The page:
802.11g networks have a theoretical maximum throughput of 54 Mbit/s, but most users only see a total of about 20 to 25 Mbit/s. Tests on the Linksys SpeedBooster product have shown it to provide about 34 Mbit/s of real throughput. Paradoxically, this is better than normal 802.11g networks, though still short of the number on the product packaging.

Unlike other boosters, Linksys says this one actually helps other users on different protocols, by speeding its traffic and clearing the airwaves for other users. Even if only one client is using SpeedBooster, the whole network shows an improvement of about 20 percent, Linksys claims. The products are "good neighbours", to other 2.4GHz networks, staying on channel 6 and making minimal interference.

The technology uses standards-based techniques such as frame bursting, included in the Wi-Fi Alliance's upcoming 802.11e standard for quality of service. "Because the 2.4-GHz band is so crowded, people need to use all 11 channels to coexist with other wireless networks. And the fact that Super G tramples over every other wireless signal we found is just unacceptable," says Mike Wagner, director of marketing at Linksys.

Afterburner is an improvement over Broadcom's earlier speed-enhancing chip Express, announced last July. Afterburner increases efficiency even further by shortening the header packets by 50 percent and by concatenating, or chaining and transmitting five packets together for each header packet sent out.

"What's important for end users is that Afterburner is a friendly overlay on top of 802.11g," says Jeff Abramowitz, senior director of WLAN at Broadcom. He adds that its PC OEM customers - Acer, Apple, Dell, Fujitsu, Gateway and HP - are interested in using Afterburner, as are the company's broadband modem manufacturers Efficient and Motorola. Buffalo Technology also says it will ship products using Afterburner in May.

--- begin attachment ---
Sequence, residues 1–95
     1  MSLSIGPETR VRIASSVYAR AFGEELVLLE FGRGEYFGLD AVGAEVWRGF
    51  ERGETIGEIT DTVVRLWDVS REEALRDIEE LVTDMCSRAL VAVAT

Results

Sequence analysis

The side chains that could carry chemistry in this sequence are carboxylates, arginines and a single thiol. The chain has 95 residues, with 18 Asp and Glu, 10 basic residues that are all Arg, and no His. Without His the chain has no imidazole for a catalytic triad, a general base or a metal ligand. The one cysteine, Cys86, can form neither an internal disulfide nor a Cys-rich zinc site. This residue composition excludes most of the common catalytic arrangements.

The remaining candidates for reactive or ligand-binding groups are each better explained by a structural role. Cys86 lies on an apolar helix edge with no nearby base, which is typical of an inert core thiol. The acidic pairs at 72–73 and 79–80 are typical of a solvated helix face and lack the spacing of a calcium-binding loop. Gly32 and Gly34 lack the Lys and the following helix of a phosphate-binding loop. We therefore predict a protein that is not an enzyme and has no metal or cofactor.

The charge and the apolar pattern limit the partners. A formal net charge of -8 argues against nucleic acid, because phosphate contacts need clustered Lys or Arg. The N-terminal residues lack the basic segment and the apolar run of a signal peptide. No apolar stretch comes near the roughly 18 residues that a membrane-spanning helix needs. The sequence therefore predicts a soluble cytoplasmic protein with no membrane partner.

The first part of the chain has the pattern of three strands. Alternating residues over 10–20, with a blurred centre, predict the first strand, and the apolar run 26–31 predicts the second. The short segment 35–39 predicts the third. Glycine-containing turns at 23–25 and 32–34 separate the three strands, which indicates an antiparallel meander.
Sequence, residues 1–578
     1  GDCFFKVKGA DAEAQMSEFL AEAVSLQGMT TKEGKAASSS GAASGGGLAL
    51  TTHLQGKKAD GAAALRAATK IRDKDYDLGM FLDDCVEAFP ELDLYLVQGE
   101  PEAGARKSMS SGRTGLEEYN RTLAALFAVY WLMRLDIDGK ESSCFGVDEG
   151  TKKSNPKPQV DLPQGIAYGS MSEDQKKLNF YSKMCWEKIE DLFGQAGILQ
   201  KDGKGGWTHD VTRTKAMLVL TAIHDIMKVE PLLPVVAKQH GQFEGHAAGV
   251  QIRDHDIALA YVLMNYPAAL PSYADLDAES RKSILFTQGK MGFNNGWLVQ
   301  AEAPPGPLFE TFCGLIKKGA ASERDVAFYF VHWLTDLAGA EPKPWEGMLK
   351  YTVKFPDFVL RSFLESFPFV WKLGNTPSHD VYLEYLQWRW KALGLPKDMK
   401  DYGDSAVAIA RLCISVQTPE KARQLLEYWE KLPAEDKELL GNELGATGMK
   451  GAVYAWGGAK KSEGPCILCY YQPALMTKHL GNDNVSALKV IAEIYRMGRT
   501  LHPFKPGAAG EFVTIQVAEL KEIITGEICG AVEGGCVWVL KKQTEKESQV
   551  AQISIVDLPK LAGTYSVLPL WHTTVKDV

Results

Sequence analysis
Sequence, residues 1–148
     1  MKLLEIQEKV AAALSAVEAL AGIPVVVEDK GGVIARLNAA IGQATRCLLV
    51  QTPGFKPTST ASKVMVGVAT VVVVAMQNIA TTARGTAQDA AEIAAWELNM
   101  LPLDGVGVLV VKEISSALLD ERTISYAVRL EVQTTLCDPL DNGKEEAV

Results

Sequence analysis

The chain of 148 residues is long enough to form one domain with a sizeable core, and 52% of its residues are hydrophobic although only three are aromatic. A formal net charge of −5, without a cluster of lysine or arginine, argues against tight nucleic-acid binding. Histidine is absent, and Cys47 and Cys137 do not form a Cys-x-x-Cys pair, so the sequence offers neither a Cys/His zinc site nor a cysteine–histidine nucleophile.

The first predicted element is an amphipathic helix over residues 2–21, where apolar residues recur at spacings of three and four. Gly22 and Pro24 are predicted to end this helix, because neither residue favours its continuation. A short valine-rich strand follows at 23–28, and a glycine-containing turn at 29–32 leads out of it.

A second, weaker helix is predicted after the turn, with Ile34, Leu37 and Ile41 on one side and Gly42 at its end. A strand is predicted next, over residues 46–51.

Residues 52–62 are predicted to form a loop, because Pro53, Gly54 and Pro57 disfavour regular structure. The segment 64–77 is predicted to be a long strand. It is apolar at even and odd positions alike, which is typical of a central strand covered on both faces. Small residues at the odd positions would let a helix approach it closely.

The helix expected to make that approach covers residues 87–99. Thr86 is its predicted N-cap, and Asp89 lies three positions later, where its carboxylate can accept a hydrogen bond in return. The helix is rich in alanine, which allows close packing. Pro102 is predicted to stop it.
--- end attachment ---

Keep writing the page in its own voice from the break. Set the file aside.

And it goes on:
Make way for Agere
It isn't just Super G versus Afterburner, however, wireless chipmaker Agere has its own contender, Turbo G. The company has claimed 150 Mbit/s using software techniques similar to those in Afterburner, including frame bursting and 802.11e techniques to remove overhead.

Although the WaveLAN brand has a long history in the Wi-Fi business, Agere now only makes chips. You don't need to know the history of WaveLAN, but I'll feel better and you can impress your friends if I get it off my chest here. Some of the first 802.11 products in the 1990s, NCR's WaveLAN shifted by acquisition and reorganization to AT&T and then to Lucent, became its own business and finally, having been rebranded Orinoco, moved to ProximEnterasys, though it doesn't use Agere chips, as far as we know.

So who exactly is using WaveLAN chips? Its current 802.11b products are widely used in PCs and PC cards (Agere claims in four of the top five PC brands), but you can't buy any access points with Turbo G -- yet. "We are ramping into production on multimode systems, and haven't made a customer announcement yet," said Frank Ferro, Wi-Fi director for Agere systems.

Although Netgear, D-Link and Linksys seem settled with their current chip providers, he doesn't rule out the possibility of wooing them -- or another player like Buffalo -- away, with the promise of speed. "We've had a lot of retail manufacturers wanting to find out more about it," said Ferro. "150 Mbit/s on the box looks great."

Agere may carry on its focus on PCs, and could emerge in a specialised product. Consumer electronics products such as home video systems can control both ends of the link, Ferro points out, so manufacturers are free to take products from anyone.